South African government officials said on Tuesday that the South Africa’s nuclear cooperation deal signed this week with Russia is part of a tender process that will involve other competing countries and is not a contract to build power plants.
The Russian atomic agency Rosatom issued a statement on Monday saying that it had signed a $10 billion deal with Pretoria for the installation of 9.6 gigawatts of nuclear capacity by 2030, to help Africa’s most advanced economy cope with chronic electricity shortages.
However, South African government officials involved said the agreement was still in early stages.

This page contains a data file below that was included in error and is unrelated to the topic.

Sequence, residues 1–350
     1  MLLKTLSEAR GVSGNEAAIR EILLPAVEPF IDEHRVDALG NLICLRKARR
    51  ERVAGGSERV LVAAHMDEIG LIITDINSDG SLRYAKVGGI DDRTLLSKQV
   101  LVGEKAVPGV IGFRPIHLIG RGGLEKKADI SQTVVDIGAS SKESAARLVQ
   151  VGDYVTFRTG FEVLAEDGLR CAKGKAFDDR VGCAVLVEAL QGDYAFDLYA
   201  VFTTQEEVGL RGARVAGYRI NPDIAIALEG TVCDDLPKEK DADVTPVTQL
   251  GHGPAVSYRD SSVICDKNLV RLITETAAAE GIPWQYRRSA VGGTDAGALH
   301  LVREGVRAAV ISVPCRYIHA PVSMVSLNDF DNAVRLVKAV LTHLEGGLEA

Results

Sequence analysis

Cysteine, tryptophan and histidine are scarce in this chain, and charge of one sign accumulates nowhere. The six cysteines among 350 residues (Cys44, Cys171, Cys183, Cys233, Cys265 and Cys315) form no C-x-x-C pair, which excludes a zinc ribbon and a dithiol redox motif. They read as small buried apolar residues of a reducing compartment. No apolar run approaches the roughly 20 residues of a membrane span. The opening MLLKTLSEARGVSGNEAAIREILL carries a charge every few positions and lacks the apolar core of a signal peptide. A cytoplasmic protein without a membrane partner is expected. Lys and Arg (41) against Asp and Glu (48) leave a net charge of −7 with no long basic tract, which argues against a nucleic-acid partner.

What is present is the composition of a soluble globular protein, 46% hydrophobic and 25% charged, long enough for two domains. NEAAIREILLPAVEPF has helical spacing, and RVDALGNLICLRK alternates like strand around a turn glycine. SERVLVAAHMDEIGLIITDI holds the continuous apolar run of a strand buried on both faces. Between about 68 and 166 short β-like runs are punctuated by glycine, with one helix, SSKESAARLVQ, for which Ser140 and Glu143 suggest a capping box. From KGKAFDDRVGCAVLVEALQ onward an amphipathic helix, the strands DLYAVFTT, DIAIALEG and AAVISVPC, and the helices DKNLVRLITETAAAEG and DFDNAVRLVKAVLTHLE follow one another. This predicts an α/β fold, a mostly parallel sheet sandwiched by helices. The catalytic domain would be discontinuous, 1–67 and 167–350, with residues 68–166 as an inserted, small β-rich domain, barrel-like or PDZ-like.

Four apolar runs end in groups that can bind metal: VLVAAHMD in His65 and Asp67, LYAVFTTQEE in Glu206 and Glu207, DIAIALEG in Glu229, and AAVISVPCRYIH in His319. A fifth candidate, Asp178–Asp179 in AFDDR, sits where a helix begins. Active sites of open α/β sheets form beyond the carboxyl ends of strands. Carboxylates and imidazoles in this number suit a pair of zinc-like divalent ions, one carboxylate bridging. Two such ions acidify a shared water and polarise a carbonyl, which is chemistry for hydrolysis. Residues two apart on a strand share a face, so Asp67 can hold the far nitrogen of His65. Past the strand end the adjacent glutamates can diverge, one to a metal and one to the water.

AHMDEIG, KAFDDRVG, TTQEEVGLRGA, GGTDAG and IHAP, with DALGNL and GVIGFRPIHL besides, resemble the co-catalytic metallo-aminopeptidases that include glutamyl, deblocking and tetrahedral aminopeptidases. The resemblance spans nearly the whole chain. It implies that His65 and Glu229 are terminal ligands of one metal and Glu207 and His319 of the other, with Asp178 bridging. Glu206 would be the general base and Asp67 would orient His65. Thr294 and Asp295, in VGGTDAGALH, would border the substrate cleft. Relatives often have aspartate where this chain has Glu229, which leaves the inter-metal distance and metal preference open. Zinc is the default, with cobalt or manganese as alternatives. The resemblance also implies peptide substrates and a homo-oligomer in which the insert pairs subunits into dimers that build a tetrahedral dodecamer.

Xolisa Mabhongo, an executive at South African state agency Nuclear Energy Corporation said, “There will be a South African procurement process of course. There will be other inter-government agreements signed.”
There would be a bidding process before any final contracts were signed, Mabhongo said from Vienna, where the agreement was signed.
“They jumped the gun,” a senior South African government source, who is part of the country’s delegation to an International Atomic Energy Agency conference in Vienna, told reporters.
“These kinds of inter-governmental agreements are standard with nuclear vendor countries. We foresee that similar agreements will be signed with other nuclear vendor countries, France, China, Korea, the U.S. and Japan.”